The basic question is whether the issuance of the title commitment and policy places a duty on a title insurance company to search for and disclose to the insured any reasonably discoverable information that would affect the insured's decision to close the contract to purchase. In this state, the rule has been that a title company's liability is limited to the policy and that the company is not liable in tort for negligence in searching records. Underlying that rule is the premise that the duty of the title company, unlike the duty of a title searcher, does not depend on negligence, but on the agreement between the parties. Booth v. New Jersey Highway Auth., 60 N.J. Super. 534 (Law Div.1960); see also Caravan Prods. Co. v. Ritchie, 55 N.J. 71, 74 (1969) (under title policy, "the liability to [the insured] is contractual and does not depend on negligence"); Enright v. Lubow, 202 N.J. Super. 58, 67 (App.Div.1985) (contractual "nature of a title insurance policy and a title report" precludes negligence liability); Lieberman I, supra, § 222 at 142 ("no question of negligence is involved" under title policy); Powell, supra, § 1041 at 92-28 ("Under the contract of insurance, no question of negligence can arise * * *."). If, however, the title company agrees to conduct a search and provide the insured with an abstract of title in addition to the title policy, it may expose itself to liability for negligence as a title searcher in addition to its liability under the policy. Trenton Potteries Co. v. Title Guar. & Trust Co., 176 N.Y. 65, 68 N.E. 132, 135 (1903). In that regard, the trial court expressly found that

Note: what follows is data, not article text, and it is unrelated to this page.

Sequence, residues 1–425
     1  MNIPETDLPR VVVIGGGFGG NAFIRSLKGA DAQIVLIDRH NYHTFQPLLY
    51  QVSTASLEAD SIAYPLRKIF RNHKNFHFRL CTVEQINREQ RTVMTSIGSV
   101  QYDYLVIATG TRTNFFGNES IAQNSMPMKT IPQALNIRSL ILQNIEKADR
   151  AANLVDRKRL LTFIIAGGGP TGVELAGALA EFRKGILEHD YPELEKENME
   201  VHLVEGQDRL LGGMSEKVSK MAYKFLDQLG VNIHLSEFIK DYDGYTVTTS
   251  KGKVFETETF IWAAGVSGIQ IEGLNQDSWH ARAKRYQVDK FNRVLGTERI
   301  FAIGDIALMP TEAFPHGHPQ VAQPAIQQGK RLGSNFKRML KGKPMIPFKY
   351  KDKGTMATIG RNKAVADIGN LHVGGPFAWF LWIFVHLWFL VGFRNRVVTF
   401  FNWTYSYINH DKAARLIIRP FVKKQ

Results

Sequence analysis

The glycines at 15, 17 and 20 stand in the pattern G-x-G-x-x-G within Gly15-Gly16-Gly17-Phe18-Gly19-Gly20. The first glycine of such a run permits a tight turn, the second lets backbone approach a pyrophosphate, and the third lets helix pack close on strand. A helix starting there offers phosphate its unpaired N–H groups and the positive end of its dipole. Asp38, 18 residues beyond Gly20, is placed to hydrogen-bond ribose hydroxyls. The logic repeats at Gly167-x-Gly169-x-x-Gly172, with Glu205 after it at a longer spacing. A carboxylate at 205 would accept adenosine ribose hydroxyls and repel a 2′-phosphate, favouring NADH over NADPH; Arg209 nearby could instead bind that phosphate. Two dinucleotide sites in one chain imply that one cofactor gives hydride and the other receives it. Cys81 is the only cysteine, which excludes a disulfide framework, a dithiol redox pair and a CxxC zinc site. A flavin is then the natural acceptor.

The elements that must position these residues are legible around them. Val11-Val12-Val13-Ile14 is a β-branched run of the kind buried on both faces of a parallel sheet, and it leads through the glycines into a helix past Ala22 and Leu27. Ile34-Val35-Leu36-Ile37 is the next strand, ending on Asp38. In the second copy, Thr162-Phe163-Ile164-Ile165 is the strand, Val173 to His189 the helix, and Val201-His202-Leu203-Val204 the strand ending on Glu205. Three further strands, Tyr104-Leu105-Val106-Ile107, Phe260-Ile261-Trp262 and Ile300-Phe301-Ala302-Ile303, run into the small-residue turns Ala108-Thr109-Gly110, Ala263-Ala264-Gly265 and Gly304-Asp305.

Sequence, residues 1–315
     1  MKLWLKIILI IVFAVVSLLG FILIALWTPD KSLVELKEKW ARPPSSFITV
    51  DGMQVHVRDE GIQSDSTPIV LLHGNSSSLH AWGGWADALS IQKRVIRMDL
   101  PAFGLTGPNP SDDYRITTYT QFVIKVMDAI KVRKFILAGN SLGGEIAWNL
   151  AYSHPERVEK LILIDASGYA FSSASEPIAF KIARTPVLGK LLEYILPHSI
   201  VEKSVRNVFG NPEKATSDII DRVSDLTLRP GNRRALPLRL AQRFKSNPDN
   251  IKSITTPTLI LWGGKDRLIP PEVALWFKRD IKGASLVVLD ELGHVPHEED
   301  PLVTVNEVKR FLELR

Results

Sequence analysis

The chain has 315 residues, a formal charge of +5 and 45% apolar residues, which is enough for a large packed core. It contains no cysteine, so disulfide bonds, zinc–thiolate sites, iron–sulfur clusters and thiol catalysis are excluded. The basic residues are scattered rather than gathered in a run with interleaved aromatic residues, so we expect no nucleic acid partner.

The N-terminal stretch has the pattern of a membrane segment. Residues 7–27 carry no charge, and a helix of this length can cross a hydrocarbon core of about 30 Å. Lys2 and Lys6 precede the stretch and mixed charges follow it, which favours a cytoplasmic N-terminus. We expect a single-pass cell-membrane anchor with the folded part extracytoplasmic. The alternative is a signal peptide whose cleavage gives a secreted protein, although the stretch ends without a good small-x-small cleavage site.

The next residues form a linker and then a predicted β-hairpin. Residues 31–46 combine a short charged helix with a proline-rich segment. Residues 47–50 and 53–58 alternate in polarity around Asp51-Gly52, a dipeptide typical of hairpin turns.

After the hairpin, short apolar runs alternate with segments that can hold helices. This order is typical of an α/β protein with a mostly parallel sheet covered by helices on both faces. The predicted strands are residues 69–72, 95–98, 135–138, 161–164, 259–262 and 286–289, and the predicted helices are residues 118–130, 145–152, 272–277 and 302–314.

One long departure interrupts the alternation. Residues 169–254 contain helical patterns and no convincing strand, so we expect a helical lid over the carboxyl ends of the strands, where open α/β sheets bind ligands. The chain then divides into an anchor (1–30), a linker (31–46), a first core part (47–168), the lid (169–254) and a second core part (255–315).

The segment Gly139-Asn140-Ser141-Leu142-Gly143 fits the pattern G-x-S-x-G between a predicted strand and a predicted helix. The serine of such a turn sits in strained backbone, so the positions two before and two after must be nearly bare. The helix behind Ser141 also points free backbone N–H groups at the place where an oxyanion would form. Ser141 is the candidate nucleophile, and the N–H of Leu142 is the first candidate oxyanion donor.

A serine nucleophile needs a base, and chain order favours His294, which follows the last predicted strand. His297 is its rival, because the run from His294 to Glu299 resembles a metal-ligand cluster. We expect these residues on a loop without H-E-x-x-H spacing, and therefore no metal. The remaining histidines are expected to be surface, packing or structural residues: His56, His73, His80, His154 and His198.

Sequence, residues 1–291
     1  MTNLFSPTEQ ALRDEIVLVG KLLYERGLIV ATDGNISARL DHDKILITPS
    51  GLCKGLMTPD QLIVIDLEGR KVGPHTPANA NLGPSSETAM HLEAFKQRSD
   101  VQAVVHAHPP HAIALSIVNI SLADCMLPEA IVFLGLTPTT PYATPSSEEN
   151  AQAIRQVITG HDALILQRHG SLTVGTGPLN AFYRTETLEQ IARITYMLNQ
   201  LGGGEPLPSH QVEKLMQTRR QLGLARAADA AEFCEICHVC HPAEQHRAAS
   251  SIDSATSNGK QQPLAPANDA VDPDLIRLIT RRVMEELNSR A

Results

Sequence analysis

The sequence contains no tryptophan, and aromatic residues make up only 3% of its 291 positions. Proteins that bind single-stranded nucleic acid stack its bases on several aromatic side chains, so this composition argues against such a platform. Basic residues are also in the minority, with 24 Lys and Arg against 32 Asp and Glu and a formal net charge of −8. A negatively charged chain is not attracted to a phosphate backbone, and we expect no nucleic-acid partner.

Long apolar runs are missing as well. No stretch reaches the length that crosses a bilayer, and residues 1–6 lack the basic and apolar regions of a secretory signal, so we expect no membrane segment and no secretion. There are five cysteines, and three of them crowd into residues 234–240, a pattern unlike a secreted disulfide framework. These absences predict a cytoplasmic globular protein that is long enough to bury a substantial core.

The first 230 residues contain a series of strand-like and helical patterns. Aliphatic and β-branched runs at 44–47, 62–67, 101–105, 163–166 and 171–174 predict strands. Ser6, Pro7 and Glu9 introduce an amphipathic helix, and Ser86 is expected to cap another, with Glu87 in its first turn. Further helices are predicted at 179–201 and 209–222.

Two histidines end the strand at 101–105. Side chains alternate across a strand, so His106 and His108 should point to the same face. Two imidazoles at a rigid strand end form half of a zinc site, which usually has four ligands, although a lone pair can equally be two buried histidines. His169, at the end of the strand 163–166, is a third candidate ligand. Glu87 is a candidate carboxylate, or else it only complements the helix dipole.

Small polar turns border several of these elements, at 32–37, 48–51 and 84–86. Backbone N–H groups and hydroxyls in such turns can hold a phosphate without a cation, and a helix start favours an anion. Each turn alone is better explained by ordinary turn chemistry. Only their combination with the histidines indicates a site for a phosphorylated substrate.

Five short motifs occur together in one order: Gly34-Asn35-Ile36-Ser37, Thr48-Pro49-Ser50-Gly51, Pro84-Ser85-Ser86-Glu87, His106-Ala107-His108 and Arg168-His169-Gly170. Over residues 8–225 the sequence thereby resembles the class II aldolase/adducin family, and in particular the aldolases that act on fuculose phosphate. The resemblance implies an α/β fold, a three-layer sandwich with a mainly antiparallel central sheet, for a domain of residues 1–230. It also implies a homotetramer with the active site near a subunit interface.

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it is the conclusion of this court that plaintiff did not engage Chelsea to undertake two separate functions; that is, to prepare a title report, then a policy of title insurance. The title search which was completed by Chelsea was simply an internal procedure for Chelsea's own purposes in deciding whether or not to issue a title policy. Even though plaintiff was billed for the title search, it is the conclusion of this court that the real transaction between the parties was a policy of insurance. This conclusion means that plaintiff's remedy against Chelsea lies in contract, not in negligence. Consequently, the negligence charges against Chelsea are dismissed.